Back to the Bay Psalm Book: T. S. Eliot's Identity Crisis and "Sweeney Erect"

By Perryman, John | The Midwest Quarterly, Spring 2006 | Go to article overview

Back to the Bay Psalm Book: T. S. Eliot's Identity Crisis and "Sweeney Erect"


Perryman, John, The Midwest Quarterly


DURING THE EARLY years of T.S. Eliot's expatriation, when the aspiring poet was striving to establish himself as a writer in London, he undertook a rigorous and comprehensive rereading of American literature and history. At this time, during and immediately after World War One, Eliot also began to diagnose the malaise he believed to be afflicting western civilization, or what he was then fond of referring to as the "mind of Europe" ("Tradition," 39). Eliot's solution eventually required him to conflate the vocabularies of several disciplines--notably aesthetics, theology, politics, and psychology--in order to prescribe a remedy for the cultural ailment. Indeed, several scholars have noted that Eliot's most important historical formulation--the dissociation of sensibility-is itself a psychological diagnosis. Over the course of many years, Eliot would describe the ailment he detected as a variety of "immaturity," "heresy," "'provincialism," "whiggery," or any of several types of "hypertrophy." Eliot's aesthetic solution would involve an attempt to "reassemble" as many different aspects of the West's "dissociated" sensibility as was possible ("Wilkie," 461). This project of re-assembly led him to combine various literary styles into a coherent whole. In the process, he managed both to write some of the most innovative poetry of the twentieth century and to reinvent himself as an American-European.

Eliot began to address this larger cultural dilemma in his quatrains, where his disciplined use of formal elements brought under control eclectic subject matter while providing an ironic contrast with the poems' frequently irreverent and eccentric passages. If The Waste Land can be read, at least in part, as the culminating aesthetic attempt to reintegrate the "mind of Europe" through its use of several innovative literary devices--stream of conscious associations, symboliste images, snippets of realist conversation, ironic juxtapositions, and a multivocal collage of allusions to the literatures of several nations--then it is imperative to read the quatrains that preceded The Waste Land, and especially "Sweeney Erect," as a necessary step on the way to the production of this masterpiece of modernism.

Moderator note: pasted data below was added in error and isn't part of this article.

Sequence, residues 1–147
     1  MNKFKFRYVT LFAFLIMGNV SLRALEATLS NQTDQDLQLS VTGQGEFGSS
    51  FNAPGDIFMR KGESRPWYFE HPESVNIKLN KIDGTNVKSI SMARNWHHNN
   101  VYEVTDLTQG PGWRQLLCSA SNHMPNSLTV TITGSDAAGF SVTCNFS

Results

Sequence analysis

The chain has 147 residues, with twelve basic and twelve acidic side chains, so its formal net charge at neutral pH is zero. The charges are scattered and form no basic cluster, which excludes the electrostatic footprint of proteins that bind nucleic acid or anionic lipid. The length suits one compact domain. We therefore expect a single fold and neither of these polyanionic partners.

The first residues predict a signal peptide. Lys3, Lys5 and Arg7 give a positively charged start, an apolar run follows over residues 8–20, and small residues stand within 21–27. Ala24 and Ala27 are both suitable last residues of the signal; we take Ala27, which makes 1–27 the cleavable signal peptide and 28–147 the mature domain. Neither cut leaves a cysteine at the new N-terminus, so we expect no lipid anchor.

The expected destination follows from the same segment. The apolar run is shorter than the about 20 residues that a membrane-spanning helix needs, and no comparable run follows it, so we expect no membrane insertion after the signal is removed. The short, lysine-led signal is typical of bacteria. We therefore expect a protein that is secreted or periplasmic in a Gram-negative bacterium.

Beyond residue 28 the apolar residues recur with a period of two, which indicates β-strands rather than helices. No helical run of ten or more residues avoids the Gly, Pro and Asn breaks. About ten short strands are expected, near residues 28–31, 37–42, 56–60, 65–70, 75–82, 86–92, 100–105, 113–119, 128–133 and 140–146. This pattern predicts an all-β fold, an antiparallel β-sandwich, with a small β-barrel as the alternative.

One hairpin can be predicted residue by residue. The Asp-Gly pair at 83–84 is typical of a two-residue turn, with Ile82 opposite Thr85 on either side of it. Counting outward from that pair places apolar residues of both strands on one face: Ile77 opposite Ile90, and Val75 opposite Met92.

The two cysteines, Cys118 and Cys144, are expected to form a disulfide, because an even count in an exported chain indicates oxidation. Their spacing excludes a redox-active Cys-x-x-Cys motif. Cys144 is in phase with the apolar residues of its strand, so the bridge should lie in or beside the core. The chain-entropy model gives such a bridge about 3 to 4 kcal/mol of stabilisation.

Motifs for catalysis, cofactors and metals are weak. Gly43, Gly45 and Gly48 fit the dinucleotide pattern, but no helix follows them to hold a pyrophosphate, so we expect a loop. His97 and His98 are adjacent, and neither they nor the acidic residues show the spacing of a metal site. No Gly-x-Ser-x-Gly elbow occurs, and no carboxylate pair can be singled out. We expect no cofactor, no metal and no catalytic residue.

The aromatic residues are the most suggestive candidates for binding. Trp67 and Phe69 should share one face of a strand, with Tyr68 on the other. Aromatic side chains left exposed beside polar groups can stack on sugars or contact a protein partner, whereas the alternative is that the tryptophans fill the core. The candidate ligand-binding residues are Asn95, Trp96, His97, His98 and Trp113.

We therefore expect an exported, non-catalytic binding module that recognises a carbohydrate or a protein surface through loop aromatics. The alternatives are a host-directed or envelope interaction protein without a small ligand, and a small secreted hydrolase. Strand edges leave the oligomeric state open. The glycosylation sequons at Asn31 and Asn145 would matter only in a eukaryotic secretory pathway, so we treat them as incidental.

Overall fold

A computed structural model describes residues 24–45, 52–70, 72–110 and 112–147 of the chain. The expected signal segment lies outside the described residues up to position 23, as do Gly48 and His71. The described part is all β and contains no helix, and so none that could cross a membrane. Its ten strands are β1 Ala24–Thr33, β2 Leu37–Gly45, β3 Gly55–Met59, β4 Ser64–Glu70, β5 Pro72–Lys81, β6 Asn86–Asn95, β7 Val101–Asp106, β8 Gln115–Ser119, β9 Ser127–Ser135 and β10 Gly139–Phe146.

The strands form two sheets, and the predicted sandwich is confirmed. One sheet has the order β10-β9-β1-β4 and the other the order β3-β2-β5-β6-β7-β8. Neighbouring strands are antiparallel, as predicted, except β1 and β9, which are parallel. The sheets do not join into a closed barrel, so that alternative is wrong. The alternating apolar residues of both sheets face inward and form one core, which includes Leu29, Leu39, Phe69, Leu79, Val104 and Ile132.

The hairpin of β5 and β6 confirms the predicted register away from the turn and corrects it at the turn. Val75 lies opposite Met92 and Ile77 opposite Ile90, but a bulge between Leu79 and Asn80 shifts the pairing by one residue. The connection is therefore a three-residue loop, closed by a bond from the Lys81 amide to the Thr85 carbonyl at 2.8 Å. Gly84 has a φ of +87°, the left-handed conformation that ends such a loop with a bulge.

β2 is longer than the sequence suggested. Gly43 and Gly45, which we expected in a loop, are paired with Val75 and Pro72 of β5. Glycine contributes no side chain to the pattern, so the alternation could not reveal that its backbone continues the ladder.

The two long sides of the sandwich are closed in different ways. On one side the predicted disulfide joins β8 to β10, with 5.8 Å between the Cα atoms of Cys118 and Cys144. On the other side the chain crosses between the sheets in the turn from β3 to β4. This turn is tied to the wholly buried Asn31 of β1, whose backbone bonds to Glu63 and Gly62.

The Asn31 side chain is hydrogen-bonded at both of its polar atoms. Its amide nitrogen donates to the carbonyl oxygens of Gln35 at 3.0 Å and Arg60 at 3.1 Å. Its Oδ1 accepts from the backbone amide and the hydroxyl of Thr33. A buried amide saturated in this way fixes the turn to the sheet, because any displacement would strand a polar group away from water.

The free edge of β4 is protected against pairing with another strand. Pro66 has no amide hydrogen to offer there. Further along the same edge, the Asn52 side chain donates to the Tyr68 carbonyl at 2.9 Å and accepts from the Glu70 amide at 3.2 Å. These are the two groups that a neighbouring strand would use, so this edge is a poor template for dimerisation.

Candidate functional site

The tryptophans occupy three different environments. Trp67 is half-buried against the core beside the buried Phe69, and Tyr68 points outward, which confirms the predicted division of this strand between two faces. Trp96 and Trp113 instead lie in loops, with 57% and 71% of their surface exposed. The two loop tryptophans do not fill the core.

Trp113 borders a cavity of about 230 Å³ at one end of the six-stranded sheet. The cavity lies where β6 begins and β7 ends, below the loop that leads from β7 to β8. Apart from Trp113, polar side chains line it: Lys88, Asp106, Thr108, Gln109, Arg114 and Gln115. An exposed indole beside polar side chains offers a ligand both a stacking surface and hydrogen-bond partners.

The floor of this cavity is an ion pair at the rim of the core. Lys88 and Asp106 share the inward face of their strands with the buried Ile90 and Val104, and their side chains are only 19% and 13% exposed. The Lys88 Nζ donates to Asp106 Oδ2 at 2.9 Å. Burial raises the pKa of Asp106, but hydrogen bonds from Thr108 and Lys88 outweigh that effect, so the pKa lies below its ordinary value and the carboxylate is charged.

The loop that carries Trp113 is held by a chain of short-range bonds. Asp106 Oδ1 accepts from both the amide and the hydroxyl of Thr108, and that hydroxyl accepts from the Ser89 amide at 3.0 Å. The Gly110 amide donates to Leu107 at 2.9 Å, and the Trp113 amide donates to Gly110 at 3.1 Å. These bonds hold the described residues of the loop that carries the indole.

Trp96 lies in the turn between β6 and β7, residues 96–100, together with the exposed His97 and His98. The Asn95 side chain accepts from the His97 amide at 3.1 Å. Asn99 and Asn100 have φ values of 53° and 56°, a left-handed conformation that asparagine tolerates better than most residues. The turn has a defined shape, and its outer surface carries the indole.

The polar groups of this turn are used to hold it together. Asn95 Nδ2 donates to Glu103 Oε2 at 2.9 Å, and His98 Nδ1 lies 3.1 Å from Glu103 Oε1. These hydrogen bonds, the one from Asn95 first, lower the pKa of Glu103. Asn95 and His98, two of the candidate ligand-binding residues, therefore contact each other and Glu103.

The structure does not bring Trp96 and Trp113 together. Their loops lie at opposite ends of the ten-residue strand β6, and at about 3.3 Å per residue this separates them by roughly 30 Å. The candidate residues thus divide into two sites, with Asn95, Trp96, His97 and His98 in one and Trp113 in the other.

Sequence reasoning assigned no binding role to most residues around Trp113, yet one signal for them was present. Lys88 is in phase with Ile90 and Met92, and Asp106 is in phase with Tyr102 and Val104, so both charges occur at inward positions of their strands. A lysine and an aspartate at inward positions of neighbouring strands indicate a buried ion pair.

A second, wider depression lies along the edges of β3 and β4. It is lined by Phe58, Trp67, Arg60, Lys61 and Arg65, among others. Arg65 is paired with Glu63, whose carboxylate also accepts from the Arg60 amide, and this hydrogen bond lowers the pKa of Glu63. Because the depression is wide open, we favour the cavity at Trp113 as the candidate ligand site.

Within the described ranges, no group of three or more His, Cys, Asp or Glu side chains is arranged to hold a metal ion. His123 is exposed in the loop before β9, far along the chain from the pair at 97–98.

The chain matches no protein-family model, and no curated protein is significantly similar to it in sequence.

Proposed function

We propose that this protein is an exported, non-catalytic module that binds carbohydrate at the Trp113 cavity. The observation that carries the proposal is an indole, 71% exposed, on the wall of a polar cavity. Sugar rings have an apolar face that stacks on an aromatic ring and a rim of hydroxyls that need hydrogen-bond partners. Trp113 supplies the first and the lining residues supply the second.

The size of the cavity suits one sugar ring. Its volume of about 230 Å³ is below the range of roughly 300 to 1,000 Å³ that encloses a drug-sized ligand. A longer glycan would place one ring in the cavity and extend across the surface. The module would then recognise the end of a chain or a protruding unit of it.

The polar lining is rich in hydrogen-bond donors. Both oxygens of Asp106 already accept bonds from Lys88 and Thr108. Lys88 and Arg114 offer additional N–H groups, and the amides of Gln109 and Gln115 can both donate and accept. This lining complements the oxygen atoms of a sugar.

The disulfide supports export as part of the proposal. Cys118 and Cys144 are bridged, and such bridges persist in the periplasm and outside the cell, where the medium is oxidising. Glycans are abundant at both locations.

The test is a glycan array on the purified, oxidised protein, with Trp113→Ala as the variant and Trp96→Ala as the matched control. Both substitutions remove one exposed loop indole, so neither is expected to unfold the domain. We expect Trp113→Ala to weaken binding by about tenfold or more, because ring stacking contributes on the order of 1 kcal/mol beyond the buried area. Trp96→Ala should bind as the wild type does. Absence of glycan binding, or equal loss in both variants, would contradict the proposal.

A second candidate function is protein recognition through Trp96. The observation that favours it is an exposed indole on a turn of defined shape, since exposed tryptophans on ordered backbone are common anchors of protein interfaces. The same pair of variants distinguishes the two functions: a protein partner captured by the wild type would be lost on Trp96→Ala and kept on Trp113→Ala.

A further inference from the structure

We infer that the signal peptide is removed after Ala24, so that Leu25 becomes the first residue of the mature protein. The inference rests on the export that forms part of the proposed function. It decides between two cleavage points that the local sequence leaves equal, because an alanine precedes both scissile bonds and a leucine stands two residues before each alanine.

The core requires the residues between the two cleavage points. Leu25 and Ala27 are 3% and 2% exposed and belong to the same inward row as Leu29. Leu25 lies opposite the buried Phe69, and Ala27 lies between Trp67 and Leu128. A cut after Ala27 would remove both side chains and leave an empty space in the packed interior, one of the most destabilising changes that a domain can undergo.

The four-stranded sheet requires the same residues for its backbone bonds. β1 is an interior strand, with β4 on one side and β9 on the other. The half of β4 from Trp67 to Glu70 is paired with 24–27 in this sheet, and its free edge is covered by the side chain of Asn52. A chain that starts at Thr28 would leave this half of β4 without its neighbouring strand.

Of course the quatrains, perhaps the most overlooked of Eliot's pre-Waste Land poems, can stand on their own merit. But to appreciate fully Eliot's individual works, it is best to understand the trajectory of his career and have a view of his entire corpus in mind. Eliot affirmed this in 1944 when he wrote that a "major poet is one the whole of whose work we ought to read, in order to appreciate any part of it," and one wonders if he was trying to correct his youthful claim that Hamlet was "most certainly an artistic failure" ("Minor," 47; "Hamlet," 47). The distaste Eliot and Pound were expressing after the Great War for the undisciplined excesses of free verse is well documented. The quatrains are more than a sustained move made against verse libre. Though they are ironic and contain allusive and at times esoteric subject matter, the poems are not merely derivative or reactionary. In fact, the poems are not so much negations of verse libre as they are conscious affirmations marking a formal return to a meter and stanzaic structure with a rich and storied history: The Bay Psalm Book.

The first book ever printed in America, The Bay Psalm Book was published by Massachusetts Bay colonists (Winthrop mentions it in his journal in the late 1630s) who were not content to use the Psalm book of the rival and more radical Plymouth colony, whose collection--as Haraszti points out--had been translated in Holland and published overseas. In fact, Eliot's earliest American ancestor had been a member of the colony, and generations of his family had lived there and served prominently over the course of nearly three centuries. The Puritans of Massachusetts Bay were non-conforming but non-separating; initially, they acknowledged the authority of the Church of England and wanted to reform it from within rather than break from it, the route prescribed by the Pilgrims. …

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